So, I got my first “hey Mr. P, remember me?” email from a former student. Oh no, they found me! Naw, it’s not too hard. I’m the only person on the planet with my name, so…
Anyway, here’s the gist of that email:
“It’s ___, your former student, now majoring in linguistics at _____ in no small part due to your teaching style.”
Why? Because I didn’t explicitly teach grammar or focus on information about the target language when teaching. We were communicating in the language, co-creating stories in real time, and then reading them. I was providing CI (i.e. comprehensible input…the messages students understand), learning about students, and personalizing content. Grammar wasn’t the focus of class at all, yet somehow this student was inspired to learn more about languages. That’s cool.
There’s still soooooo much resistance to teaching with CI. The classic argument is that doing so “won’t prepare students” for studying Classics, linguistics, or related fields in college. Seeing how most traditional programs aren’t doing a great job of preparing students per se anyway—rather it’s the individual student that makes it happen—I’d say we’ll see the death of the “they won’t be prepared” argument sometime soon. That’d be nice, wouldn’t it?
I spent about 15min entering data from the diēs Mārtis (i.e. Tuesday) Latin class K-F-D Quizzes. N.B. These are “sneaky quizzes” per my NTPRS 2017 presentation, No Prep Grading & Assessment, referring to “assessments” that satisfy most quizzing/testing requirements, yet are actually an opportunity to interact and acquire.
28 students were in class for the K-F-D Quiz. Here are some observations:
At the end of November, I was hired to teach a new 7th grade Exploratory Language program. This was the administration’s solution to a failed compulsory extension of their 8th Spanish program that was halted in October by the abrupt resignation of their teacher. I wasn’t certified to teach Spanish, so the workaround was to reestablish 7th grade Spanish as a 7th grade Exploratory Language, and offer Spanish, Latin (for which I DO hold certification, and actually know), and French.
When I accepted the position, I knew very little Spanish, and French wasn’t even on the map. I was willing to invest the time needed to teach them, though, and I had a secret weapon…my CI language training. The administration recognized such value, and I was on my way.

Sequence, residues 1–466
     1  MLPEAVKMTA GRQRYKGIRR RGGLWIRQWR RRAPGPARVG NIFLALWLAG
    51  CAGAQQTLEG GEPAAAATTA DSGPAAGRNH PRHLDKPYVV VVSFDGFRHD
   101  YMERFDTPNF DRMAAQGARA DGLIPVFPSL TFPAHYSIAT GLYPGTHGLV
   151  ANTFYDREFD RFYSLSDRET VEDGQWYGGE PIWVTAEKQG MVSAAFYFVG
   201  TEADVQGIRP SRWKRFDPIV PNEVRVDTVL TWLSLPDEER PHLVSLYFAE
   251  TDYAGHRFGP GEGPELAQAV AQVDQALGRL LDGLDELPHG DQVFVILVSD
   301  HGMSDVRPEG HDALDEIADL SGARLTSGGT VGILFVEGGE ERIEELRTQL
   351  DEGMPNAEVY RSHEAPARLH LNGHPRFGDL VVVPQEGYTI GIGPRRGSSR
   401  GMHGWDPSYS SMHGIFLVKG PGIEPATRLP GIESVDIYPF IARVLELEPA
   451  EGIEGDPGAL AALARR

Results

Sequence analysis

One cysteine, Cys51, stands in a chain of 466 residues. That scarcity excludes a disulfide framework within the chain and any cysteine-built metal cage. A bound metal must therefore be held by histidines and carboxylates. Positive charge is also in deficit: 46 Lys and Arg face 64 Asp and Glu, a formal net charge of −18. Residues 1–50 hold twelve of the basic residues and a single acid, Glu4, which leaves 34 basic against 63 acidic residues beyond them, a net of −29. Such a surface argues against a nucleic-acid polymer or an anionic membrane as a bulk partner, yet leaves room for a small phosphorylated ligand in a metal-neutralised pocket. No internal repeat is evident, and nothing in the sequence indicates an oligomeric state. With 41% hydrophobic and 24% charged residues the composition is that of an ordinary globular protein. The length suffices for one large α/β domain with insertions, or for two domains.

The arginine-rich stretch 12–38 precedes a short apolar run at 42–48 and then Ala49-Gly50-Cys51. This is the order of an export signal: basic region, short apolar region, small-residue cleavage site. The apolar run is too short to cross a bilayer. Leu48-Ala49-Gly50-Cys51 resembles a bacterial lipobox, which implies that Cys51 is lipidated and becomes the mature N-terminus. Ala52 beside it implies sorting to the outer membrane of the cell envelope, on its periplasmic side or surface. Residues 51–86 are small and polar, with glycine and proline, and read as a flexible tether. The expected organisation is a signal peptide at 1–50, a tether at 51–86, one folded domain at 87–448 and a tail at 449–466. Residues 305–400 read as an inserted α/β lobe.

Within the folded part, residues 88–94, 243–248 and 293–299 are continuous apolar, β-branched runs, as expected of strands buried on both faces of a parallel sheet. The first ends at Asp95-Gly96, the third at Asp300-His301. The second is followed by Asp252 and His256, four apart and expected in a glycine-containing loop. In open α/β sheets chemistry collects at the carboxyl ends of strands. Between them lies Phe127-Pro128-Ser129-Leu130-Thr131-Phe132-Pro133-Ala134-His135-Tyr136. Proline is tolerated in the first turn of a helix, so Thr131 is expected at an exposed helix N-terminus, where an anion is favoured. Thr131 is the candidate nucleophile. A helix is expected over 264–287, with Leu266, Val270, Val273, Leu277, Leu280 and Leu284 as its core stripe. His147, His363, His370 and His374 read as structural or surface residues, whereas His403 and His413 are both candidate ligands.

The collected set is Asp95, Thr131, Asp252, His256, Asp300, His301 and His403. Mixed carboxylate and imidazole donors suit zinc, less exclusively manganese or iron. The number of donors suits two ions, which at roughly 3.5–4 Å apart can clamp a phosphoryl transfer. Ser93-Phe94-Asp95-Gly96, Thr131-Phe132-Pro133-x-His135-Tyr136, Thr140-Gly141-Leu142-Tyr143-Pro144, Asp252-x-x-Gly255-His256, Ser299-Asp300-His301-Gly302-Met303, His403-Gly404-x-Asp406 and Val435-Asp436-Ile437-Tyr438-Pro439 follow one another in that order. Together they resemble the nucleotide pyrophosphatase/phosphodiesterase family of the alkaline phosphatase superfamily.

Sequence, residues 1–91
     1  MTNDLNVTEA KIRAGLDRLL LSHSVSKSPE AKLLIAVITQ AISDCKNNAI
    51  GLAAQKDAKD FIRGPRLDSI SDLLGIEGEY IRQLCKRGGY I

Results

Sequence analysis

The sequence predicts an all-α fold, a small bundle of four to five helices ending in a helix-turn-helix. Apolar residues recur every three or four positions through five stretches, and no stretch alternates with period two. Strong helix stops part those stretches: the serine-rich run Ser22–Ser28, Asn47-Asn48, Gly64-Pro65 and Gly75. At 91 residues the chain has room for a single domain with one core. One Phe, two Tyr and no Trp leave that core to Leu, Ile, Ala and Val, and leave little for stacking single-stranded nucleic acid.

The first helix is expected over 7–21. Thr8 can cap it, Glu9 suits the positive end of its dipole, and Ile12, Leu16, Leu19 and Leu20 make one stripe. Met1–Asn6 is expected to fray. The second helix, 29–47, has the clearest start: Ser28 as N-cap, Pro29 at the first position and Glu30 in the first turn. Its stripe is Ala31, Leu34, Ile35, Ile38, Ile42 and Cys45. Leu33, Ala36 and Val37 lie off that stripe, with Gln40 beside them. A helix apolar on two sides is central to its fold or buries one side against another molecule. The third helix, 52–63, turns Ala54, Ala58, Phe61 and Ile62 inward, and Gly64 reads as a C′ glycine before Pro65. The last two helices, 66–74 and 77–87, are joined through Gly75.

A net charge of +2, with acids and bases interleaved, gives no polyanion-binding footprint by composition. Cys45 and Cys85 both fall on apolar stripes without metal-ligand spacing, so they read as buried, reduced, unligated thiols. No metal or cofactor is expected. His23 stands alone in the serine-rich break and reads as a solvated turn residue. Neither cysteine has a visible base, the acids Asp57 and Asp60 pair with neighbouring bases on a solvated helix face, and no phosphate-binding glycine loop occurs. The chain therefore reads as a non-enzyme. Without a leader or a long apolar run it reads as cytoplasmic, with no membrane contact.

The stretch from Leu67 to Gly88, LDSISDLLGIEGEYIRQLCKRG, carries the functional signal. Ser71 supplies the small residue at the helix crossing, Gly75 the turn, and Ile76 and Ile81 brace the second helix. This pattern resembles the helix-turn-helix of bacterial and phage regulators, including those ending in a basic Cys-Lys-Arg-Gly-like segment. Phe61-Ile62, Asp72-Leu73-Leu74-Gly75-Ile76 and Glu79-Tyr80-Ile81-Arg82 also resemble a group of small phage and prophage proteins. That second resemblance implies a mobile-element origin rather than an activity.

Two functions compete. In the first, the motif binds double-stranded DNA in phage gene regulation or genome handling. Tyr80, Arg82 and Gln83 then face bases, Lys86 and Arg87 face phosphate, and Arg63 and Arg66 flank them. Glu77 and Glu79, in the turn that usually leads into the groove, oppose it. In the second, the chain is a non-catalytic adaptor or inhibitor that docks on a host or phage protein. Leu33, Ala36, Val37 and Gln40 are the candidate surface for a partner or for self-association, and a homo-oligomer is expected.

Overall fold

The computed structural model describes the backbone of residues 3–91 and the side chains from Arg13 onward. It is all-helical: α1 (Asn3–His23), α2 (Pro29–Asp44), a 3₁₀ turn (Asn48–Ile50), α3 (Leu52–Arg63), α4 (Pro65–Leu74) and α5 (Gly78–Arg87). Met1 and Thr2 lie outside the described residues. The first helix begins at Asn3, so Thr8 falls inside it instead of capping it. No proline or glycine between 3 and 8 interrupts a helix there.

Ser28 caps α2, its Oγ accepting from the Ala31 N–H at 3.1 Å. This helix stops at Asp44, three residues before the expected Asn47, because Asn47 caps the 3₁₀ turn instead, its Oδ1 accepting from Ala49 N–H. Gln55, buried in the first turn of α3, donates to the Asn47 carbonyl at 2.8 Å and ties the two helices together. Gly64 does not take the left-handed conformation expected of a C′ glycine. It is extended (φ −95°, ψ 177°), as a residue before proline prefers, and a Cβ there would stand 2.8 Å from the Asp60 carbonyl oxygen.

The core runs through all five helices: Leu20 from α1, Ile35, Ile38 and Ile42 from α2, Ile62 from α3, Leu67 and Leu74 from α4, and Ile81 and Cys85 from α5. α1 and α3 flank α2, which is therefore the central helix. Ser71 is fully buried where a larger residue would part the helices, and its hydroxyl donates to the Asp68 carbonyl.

Familiarize yourself with Bob Patrick’s One Word At a Time Stories (OWATS), here.
Sure, this activity can be used to deliver understandable messages when asking questions to each group and/or providing Pop-Up Grammar explanations. Realize, though, that the more groups you have, the less CI you can deliver; time is divided between groups students instead of all at once in a whole-class format. Aside from the main purpose of providing some limited CI, OWATS is also suitable when you need a break from delivering CI. I was in that kind of state of mind today, and didn’t ask groups many questions. Still, the students had a blast creating stories together.
I didn’t plan ahead of time for today’s OWATS, but quickly realized upon entering the building that after the long weekend (including a surreal night at Hôtel de Glace), I didn’t have the energy to sustain a full day in Spanish (n.b. we start Latin in February, then French in April for this 7th grade Exploratory Language course). Teachers new to CI, and Latin teachers new to speaking Latin will likely find themselves in a similar boat. OWATS is a good option. I always have phrases we’ve used typed up, cut out, and ready to go, and continue to add more to the pile as we go…
It’s a good habit to really listen to your students. In fact, if all language teachers did so, there would be more Teaching with CI.
At the start of the year, I hand out Expectations, and assign a few questions to be answered with an adult at home. Let’s face it, CI classes aren’t like other classes, and it’s good practice to make sure everyone understands how that academic environment is different, and what makes a CI class flow. The following response samples are somewhat depressing, but reflect the current state of taking a second language in high school. I offer them as anecdotal evidence that forced language production/output is damaging, as well as assurance that this “CI thing” will reach more students, especially if we embrace the research.
So, what makes kids nervous, and what challenges do they foresee? Some responses:
This is my first post about Teaching with CI Online, but I’m skipping ahead to showing some student work samples before explaining a bit about how CI Online is working out. That post will follow shortly.
So, here’s the context for the student work I’m showing you:
Reading without consciously translating into one’s native language is assumed to be a part of language acquisition, yet is taken for granted and difficult to assess. Through a Speed Reading program, students are encouraged to read chunks of words rather than individual word-for-word-translation. This aligns with how we focus on teaching the most frequent structures rather than isolated word lists. In addition, students find this reading program compelling due to the personal competitive nature.
Take a minute to read the Speed Reading Process (my adaptation of Blaine Ray’s adaptation of Paul Nation’s program).
If you like the idea, all that’s needed to begin is a set of reading passages (perhaps parallel class stories), accompanying document with 10 comprehension questions, and a table showing reading speed per passage. You will need the following files: